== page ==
I found Gladys awake when I returned from the garden: in spite of my anxiety, it gave me intense pleasure to hear her greeting words.
’Oh, Ursula, come and kiss me; it is good morning indeed. I woke so happy; everything is so lovely,—the sunshine, and the birds, and the flowers!’ And, with a smile, ’I wished somebody could have seen—“my thoughts of Max."’ And then, still holding me fast, ’I do not forget my poor boy, in spite of my happiness, but something tells me that Eric will soon come back.’
‘He might have been here now,’ I grumbled, ’if you had allowed me to tell your brother’; for those few reproachful words haunted me.
‘Yes, dear; I know I was wrong,’ she answered, with sweet candour. ’Giles is so kind now that I cannot think why I was so reserved with him; but of course,’ flushing a little, ‘I was afraid of Etta.’
‘I suppose that was the reason,’ I returned, busying myself about the room; for I did not care to pursue the subject. Mr. Hamilton’s few words had convinced me that he thought it would be wiser to leave Gladys in ignorance of what was going on until Miss Darrell was out of the house. She had borne so much, and was still weak and unfit for any great excitement. My great fear was lest Miss Darrell should force her way into Gladys’s presence and disturb her by a scene; and this fear kept me anxious and uneasy all day.
Gladys was a trifle restless; she wanted a drive again, and when I made her brother’s absence a pretext for refusing this, she pleaded for a stroll in the garden. It was with great difficulty that I at last induced her to remain quietly in her room. But when she saw that I was really serious she gave up her wishes very sweetly, and consoled herself by writing to Max, in answer to a letter that he had sent under cover to me.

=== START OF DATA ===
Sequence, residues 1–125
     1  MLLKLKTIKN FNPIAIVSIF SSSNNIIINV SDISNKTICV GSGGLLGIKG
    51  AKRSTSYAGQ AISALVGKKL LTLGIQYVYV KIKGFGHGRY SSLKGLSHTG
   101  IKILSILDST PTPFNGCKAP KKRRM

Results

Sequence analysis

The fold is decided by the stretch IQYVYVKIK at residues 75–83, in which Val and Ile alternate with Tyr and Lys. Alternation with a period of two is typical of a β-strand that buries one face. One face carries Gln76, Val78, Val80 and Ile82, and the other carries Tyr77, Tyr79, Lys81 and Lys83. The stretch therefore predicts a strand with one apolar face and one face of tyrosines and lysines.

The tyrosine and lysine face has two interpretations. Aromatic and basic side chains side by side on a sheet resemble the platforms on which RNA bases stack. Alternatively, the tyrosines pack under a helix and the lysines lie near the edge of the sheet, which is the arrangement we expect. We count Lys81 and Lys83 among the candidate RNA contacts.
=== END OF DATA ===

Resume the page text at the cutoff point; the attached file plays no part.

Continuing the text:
It was nearly noon before Chatty brought me a message that Miss Darrell was just up and dressed, and wished to speak to me; and I went at once to her.
The usually luxurious room had an untidy and forlorn aspect. The crumpled Indian dressing-gown and the breakfast-tray littered the couch; ornaments, jewellery, and brushes strewed the dressing-table. Miss Darrell was sitting in an easy-chair by the open window. She did not move or glance as I entered in the full light. She looked pinched and old and plain. Her eyelids were swollen; her complexion had a yellowish whiteness; as I stood opposite to her, I could see gray hairs in the smooth dark head; before many years were over Miss Darrell would look an old woman. I could not help wondering, as I looked at her, how any one could have called her handsome.
‘Chatty says Leah has gone,’ she said, in a voice fretful with misery. ’I told her that that was too good news to be true. Is it true, Miss Garston?’
‘Yes; she has gone.’
‘I am glad of it,’ with a vixenish sharpness that surprised me. ’I hated that woman, and yet I was afraid of her too: she got me in her toils, and then I was helpless. Where has Giles gone, Miss Garston? Chatty said he went off in a dog-cart with his portmanteau.’